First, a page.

Version Reviewed: 1.0
iPhone Integration [rating:5/5]
User Interface [rating:4/5]
Re-use / Replay Value [rating:4/5]
It's challenging enough to shrink a QWERTY keyboard to fit onto an iPhone or iPod touch screen, but how in the world can you possibly squeeze a piano-style keyboard into the same itty bitty space? That's been the challenge for creators of music apps like Grand Pro and Pianist. Most display only about an octave slice of keys on the screen at any one time. Pianofly Pro Synth by miniMusic does the same, but the app features an interesting means of letting the user move up and down the keyboard from there. The player simply swipes to the left or right while holding down a key. This allows for fluid access to an entire 88-key keyboard.
The one complaint with this approach is that Pianofly's keys can sometimes accidently slide under finger. Also, an app that restricts the onscreen range to an octave still results in awfully small keys. Pianofly is a polyphonic instrument, allowing you to play more than one note at a time, but don't plan on banging out the chords for "Bennie and the Jets" unless you have skinny fingers.
As it's name suggests, Pianofly Pro Synth is one part virtual piano and one part synthesizer. However, if you buy it thinking it'll create realistic piano sounds, you'll be disappointed. Other apps that playback recorded samples of actual acoustic pianos sound much more realistic. Instead of samples, Pianofly uses FM synthesis to build sounds by combining basic waveforms. This approach is not well suited for emulating acoustic instruments. In fact, when I let a small group of music faculty from the college where I teach try out the app, they simply laughed at Pianofly's trumpet, violin, and electric guitar sounds. But oohs and ahhs replaced the laughter when they then tried the presets from Pianofly's synthesizer-oriented instrument bank.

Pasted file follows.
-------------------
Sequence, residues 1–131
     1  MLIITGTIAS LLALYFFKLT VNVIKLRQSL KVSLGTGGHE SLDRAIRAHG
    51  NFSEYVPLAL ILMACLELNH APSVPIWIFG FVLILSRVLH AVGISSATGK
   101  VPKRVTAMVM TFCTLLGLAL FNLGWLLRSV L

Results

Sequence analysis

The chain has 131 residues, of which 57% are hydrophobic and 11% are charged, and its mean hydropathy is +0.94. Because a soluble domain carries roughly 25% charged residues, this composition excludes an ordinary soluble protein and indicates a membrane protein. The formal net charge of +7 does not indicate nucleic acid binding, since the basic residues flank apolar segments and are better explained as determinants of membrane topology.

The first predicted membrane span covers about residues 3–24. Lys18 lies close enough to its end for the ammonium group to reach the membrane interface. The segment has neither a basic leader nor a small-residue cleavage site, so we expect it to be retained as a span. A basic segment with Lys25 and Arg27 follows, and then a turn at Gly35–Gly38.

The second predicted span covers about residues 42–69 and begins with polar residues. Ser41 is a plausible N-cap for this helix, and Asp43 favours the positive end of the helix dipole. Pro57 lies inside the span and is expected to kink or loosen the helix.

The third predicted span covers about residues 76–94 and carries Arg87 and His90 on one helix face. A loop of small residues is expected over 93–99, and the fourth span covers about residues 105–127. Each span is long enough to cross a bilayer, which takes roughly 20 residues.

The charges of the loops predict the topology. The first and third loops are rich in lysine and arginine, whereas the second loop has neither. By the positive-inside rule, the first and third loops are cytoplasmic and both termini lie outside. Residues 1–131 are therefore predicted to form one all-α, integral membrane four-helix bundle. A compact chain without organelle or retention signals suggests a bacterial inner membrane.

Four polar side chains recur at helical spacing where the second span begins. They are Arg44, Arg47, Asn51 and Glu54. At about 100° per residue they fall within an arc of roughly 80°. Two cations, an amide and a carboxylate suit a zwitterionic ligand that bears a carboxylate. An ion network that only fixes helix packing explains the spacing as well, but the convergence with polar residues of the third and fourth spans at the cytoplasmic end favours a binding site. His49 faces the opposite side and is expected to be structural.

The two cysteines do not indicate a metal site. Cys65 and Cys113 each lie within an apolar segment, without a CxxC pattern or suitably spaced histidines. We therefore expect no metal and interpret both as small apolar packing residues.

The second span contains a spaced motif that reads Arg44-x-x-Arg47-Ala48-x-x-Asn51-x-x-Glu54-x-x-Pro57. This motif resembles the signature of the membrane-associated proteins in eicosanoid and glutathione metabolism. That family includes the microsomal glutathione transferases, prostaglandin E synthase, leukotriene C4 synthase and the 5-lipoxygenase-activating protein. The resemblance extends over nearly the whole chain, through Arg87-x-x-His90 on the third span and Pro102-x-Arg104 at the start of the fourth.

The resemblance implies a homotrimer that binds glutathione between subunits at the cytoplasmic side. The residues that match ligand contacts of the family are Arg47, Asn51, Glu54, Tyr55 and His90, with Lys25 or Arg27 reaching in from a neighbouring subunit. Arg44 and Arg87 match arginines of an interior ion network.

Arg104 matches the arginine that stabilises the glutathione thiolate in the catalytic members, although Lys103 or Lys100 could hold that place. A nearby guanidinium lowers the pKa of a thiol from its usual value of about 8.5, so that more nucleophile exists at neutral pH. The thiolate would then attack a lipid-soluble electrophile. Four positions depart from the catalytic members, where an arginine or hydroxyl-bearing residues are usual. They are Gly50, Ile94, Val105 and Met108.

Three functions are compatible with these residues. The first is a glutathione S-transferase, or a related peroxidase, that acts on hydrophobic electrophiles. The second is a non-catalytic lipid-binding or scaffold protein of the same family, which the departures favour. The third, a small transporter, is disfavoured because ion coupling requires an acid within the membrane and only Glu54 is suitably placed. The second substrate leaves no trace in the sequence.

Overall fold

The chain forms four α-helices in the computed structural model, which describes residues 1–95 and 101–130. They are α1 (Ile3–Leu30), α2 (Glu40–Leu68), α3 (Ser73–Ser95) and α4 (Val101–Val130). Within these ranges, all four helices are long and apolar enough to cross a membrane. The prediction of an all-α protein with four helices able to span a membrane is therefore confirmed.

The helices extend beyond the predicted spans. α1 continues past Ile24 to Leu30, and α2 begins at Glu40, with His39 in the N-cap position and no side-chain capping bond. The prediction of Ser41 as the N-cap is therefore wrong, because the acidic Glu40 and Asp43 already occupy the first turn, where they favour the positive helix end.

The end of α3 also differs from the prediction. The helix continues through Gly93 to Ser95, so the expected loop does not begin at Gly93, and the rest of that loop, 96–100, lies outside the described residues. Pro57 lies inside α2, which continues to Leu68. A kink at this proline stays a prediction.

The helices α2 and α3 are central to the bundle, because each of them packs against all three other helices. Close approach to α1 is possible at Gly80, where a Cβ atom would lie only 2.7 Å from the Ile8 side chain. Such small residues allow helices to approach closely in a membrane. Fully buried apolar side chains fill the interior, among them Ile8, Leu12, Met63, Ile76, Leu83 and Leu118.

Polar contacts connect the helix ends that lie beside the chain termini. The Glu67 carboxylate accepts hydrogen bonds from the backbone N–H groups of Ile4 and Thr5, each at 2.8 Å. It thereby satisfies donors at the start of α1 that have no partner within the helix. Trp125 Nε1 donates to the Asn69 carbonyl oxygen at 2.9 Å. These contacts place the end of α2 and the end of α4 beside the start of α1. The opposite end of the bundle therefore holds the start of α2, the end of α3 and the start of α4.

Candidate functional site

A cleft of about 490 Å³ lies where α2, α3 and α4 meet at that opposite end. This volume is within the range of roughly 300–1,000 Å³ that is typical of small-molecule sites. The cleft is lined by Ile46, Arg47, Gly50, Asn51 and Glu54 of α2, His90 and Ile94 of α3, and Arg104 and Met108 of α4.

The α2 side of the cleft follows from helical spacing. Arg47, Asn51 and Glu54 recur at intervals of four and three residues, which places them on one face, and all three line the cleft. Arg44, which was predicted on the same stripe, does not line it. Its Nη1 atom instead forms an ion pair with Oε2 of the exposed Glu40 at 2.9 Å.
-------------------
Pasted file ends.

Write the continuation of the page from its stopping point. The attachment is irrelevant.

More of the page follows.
The instrument bank contains eight pages, each having ten presets presented as icons. Double tap on a sound icon and an edit screen appears that allows you to edit up to three "nodes" per sound. Each node generates a waveform, with the user being able to choose among sine, triangle, sawtooth, and the like, for each. The nodes can be combined to build complex sounds. The waveforms generated by the nodes can also used to modulate one another in interesting ways. This is the heart of FM or frequency modulation synthesis.
Pianofly also allows the user to alter the amplitude envelope for each node. This is the attack, initial decay, sustain, and release of the sound. For example, a snare drum note has a faster attack than, say, a flute.
Taken together, Pianofly's abilities as a synthesizer make it a great a choice for musicians interested in electronic sound production. Its "flying keys" approach to moving up and down the register also provides an interesting solution to a significant problem encountered by all apps that incorporate a piano-style keyboard. Just don't buy it for its piano sound.